To most of us, vermouth is the stuff you use to make a Martini. Or a Manhattan.

Fair enough.

But as many of us are rediscovering, vermouth is among the most versatile of cocktail ingredients. What’s more, it’s great straight.

Vermouth’s origins, as with most quaffs, are hazy. But evidence unearthed in China suggests it just may be the oldest alcoholic beverage in the world.

No matter its provenance, the apéritif was likely first developed for medicinal purposes, says Adam Ford, author of a book on the spirit. Folks found that botanical remedies, often foul-tasting, were more palatable when mixed with wine. Over the years, better ingredients—and recipes—would transform vermouth into less a treatment than a genuine (if pricey) treat.

But it wasn’t until 1786 that the aromatized vino got the attention it deserved when Italian distiller Antonio Benedetto Carpano produced a version that combined higher quality wine with less expensive herbs and spices. “Carpano really created the first commercially viable vermouth,” Ford says.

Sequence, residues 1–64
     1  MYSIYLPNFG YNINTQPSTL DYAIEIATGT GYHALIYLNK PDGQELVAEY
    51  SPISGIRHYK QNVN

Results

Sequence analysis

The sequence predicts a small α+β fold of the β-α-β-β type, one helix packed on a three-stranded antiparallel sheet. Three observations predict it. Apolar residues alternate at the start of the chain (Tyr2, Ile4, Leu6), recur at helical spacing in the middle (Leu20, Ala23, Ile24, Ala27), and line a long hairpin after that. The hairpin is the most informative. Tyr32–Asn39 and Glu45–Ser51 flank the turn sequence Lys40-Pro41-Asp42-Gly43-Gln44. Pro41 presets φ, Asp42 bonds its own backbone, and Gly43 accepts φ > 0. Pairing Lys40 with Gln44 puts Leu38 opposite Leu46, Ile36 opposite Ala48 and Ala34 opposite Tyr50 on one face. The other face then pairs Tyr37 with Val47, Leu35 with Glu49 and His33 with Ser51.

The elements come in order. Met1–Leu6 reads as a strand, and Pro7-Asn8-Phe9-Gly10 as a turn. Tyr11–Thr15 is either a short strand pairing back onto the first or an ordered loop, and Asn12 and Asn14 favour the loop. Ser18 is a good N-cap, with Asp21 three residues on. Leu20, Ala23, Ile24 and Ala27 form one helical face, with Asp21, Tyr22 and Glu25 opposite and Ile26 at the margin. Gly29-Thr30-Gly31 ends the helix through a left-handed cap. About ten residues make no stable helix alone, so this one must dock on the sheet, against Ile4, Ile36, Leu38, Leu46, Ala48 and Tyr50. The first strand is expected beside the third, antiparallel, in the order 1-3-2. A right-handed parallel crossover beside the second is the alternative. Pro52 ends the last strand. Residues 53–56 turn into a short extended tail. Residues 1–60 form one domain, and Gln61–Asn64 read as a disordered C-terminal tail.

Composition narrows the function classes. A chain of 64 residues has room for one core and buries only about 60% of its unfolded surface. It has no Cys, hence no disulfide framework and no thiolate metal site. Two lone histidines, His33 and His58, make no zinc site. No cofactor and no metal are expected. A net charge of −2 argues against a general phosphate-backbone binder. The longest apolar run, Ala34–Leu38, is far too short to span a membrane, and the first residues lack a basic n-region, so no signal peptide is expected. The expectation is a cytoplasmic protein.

Carpano’s home base of Turin (Torino) would become something of the world capital of vermouth, as local rival vermouth makers emerged and improved their offerings, including iconic brands such as Martini and Cinzano. Vermouth had finally become cool. Soon after, it was being mixed with other booze, and, voila, cocktail culture was born.

The Americano cocktail—first known as the Milano-Torino because its main ingredient, Campari and sweet vermouth, came from those cities—was what “really kicked off [Italian] cocktail culture,” explains Jacob Briars, global brand advocacy director of Bacardi, which has owned Martini & Rossi since 1993.

His personal favorite vermouth cocktail is the Negroni Sbagliato—or Wrong Negroni. The Sbagliato was supposedly born from a happy mistake, when in a bartender at Milan’s legendary Bar Basso accidentally used spumante (sparkling wine) instead of gin when mixing up a Negroni. The result was an instant hit, and it’s easy to see why. The Negroni Sbagliato is a lovely drink.

Though traditionalists, (Read more...)

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